Step 1 Define areas, prepare an addressing plan for the routers (including defining the NETs), and determine interfaces that will run Integrated IS-IS.
Step 2 Enable IS-IS as an IP routing protocol on the routers and assign a tag to the process (if required).
Step 3 Configure the NETs on the routers. This identifies the routers for IS-IS.
Step 4 Enable Integrated IS-IS on the proper interfaces on the routers. Do not forget interfaces to stub IP networks, such as loopback interfaces (although there will not be any CLNS neighbors on these interfaces).


ISO has developed standards for two types of routing protocols:

  • ES-IS discovery protocol—ES-IS performs “routing” between End Systems and Intermediate Systems referred as Level 0 “routing.” ES-IS is analogous to the Address Resolution Protocol (ARP) in IP. Although it is not explicitly a routing protocol, ES-IS is included here because it is commonly used with routing protocols to provide end-to-end data movement through an internetwork.
  • IS-IS routing protocols—IS-IS performs hierarchical (Level 1, Level 2, and Level 3) routing between intermediate systems. Level 3 routing is done between separate domains. However, note that the IS-IS routing protocol is not itself capable of Level 3 routing.

There is no Address Resolution Protocol (ARP), Internet Control Message Protocol (ICMP) or Inter-domain Routing Protocol (IDRP) for CLNS, but End System-to-Intermediate System (ES-IS) Protocol provides the same kind of reporting functions for ISs and ESs.

Further Reading

Describe network types, levels and router types

NSAP addressing

NSAP is the network-layer address for CLNS packets. An NSAP describes an attachment to a particular service at the network layer of a node, similar to the combination of IP destination address and IP protocol number in an IP packet. NSAP encoding and format are specified by ISO 8348/Ad2.


ISO 8348/Ad2 uses the concept of hierarchical addressing domains. The global domain is the highest level. This global domain is subdivided into sub-domains, and each sub-domain is associated with an addressing authority that has a unique plan for constructing NSAP addresses.

An NSAP address has two major parts: the initial domain part (IDP) and the domain specific part (DSP). The IDP consists of a 1-byte authority and format identifier (AFI) and a variable-length initial domain identifier (IDI), and the DSP is a string of digits identifying a particular transport implementation of a specified AFI authority. Everything to the left of the system ID can be thought of as the area address of a network node.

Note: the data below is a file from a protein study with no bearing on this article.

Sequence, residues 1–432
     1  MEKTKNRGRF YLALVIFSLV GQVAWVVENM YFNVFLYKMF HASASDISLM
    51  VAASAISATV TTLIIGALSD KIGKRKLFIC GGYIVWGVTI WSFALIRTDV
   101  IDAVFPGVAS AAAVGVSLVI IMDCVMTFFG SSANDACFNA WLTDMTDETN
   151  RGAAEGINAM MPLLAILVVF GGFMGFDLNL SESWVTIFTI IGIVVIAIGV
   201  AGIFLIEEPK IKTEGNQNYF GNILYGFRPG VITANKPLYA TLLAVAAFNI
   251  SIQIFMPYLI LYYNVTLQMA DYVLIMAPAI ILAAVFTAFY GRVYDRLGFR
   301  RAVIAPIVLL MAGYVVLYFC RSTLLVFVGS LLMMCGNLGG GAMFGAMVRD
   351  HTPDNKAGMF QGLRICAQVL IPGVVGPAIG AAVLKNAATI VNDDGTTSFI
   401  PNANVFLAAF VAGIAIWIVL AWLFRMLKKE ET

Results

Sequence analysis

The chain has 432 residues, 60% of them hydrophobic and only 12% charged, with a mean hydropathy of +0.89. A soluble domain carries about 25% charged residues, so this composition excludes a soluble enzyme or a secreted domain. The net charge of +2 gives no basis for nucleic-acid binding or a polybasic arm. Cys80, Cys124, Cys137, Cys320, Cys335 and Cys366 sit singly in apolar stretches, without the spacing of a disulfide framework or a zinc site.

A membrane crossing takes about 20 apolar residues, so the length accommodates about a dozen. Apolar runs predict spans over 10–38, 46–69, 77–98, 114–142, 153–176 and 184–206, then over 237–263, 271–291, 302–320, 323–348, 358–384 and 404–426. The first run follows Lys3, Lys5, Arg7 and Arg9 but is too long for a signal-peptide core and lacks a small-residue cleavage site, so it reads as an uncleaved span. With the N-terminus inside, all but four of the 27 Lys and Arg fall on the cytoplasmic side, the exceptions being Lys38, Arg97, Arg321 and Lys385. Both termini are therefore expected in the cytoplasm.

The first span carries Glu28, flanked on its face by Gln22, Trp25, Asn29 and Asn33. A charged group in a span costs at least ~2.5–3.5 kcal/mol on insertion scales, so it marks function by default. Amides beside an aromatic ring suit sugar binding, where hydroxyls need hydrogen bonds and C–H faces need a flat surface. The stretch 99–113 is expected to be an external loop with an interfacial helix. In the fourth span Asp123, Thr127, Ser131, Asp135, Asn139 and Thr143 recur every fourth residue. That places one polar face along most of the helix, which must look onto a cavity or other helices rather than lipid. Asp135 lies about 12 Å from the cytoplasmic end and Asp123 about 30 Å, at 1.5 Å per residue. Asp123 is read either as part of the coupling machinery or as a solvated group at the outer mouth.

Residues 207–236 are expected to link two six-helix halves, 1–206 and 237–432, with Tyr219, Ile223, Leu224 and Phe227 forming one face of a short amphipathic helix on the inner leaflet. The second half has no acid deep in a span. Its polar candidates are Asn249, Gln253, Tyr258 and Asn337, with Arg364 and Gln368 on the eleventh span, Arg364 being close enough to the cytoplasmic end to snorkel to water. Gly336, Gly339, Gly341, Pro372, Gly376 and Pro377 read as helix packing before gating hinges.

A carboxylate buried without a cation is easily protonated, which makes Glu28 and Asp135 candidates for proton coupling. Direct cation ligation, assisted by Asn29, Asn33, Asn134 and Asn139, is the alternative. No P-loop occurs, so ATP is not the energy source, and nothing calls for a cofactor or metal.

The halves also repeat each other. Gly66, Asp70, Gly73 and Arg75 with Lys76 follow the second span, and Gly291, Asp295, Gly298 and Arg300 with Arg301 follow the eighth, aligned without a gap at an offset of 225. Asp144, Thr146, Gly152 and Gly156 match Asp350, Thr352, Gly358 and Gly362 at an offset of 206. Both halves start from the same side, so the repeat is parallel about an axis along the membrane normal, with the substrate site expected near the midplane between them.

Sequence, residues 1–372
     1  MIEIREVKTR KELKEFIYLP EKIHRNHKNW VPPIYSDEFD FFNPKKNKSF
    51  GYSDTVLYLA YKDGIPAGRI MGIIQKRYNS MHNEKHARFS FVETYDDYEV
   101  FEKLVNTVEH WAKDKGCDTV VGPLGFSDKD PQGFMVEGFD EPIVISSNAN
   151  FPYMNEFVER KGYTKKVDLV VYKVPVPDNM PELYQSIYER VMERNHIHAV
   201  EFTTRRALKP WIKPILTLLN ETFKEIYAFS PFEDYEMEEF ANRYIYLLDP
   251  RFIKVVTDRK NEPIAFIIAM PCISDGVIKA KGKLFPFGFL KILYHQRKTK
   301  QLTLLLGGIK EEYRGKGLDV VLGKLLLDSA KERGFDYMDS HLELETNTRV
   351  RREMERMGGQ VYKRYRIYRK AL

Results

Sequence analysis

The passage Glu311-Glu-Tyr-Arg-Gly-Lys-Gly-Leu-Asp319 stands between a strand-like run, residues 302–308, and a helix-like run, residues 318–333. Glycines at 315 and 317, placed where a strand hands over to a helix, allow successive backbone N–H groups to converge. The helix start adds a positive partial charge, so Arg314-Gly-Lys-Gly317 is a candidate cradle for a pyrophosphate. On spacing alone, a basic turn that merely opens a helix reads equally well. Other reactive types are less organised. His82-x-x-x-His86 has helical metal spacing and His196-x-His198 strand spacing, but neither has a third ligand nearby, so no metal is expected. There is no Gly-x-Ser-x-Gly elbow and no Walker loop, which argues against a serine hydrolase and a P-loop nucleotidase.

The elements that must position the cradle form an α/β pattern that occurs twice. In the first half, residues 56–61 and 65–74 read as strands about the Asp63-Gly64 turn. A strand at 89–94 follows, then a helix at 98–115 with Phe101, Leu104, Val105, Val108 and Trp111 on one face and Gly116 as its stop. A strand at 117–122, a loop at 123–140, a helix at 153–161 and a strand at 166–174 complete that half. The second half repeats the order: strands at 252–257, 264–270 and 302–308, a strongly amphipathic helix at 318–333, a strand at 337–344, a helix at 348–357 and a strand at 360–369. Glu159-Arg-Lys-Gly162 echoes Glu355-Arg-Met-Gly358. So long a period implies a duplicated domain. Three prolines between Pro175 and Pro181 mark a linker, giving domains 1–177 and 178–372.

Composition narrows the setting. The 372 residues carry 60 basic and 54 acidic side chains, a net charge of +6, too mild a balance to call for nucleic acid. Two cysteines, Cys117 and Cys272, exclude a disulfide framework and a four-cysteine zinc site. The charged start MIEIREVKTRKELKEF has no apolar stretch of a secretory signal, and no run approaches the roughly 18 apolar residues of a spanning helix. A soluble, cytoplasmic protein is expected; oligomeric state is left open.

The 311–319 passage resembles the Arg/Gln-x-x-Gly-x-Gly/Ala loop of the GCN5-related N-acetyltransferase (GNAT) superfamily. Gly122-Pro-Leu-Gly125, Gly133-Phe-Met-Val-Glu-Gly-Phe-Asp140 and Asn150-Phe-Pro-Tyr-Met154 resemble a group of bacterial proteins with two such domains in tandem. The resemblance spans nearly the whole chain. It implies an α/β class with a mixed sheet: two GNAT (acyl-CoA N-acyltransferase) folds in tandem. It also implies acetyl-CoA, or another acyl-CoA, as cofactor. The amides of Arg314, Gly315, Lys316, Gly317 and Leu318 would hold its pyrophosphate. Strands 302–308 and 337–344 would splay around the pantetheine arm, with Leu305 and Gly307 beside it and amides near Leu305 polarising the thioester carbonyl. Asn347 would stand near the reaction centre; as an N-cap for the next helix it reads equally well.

The LSP identifier is derived from the system ID (along with the pseudonode ID and LSP number). Each IS is usually configured with one NET and in one area; each system ID within an area must be unique.

Further Reading

Point-to-point, broadcast

When a network consists of only two networking devices connected to broadcast media and uses the integrated IS-IS protocol, it is better for the system to handle the link as a point-to-point link instead of as a broadcast link. This feature introduces a new command to make IS-IS behave as a point-to-point link between the networking devices.


Router(config-if)# isis network point-to-point | broadcast

Describe operations

From a high level, IS-IS operates as follows:

  • Routers running IS-IS will send hello packets out all IS-IS-enabled interfaces to discover neighbors and establish adjacencies.
  • Routers sharing a common data link will become IS-IS neighbors if their hello packets contain information that meets the criteria for forming an adjacency. The criteria differ slightly depending on the type of media being used (p2p or broadcast). The main criteria are matching authentication, IS-type and MTU size.
  • Routers may build a link-state packet (LSP) based upon their local interfaces that are configured for IS-IS and prefixes learned from other adjacent routers.
  • Generally, routers flood LSPs to all adjacent neighbors except the neighbor from which they received the same LSP. However, there are different forms of flooding and also a number of scenarios in which the flooding operation may differ.
  • All routers will construct their link-state database from these LSPs.
  • A shortest-path tree (SPT) is calculated by each IS, and from this SPT the routing table is built.


Configuration Steps

On Cisco equipment there are some basic configuration parameters which are required to get IS-IS up and running. The commands to get IS-IS up and running on a router include:

  1. router isis – This command is used to enable the start of the IS-IS process on the router
  2. net address – This command is used to configure the NET address which will be used to identify this router
  3. ip router isis – This command is configured on each interface which will participate with IS-IS


By default, a Cisco router will operate in Level-1/Level-2 mode which supports both levels of routing. This makes IS-IS easier to configure but requires additional memory and processor on each device. If only Level-1 or Level-2 routing is required on a specific device you can enable only the level required on the device by using the is-type [level-1 | level-2] command while in IS-IS router configuration mode.


The sample configurations below configure all the routers in the above topology with these parameters:

  • Area 49.0001
  • Level 1 (L1) and Level 2 (L2) routers (this is the default unless otherwise specified)
  • No optional parameters
  • Running IS-IS for IP only
  • Loopback interfaces (loopbacks are advertised by IS-IS, not IS-IS enabled)
Router 1
interface Loopback0
ip address!— Creates loopback interface and assigns
!— IP address to interface Loopback0.!
interface Ethernet0
ip address
ip router isis!— Assigns IP address to interface Ethernet0
!— and enables IS-IS for IP on the interface.!
router isis
passive-interface Loopback0
net 49.0001.1720.1600.1001.00
!!— Enables the IS-IS process on the router,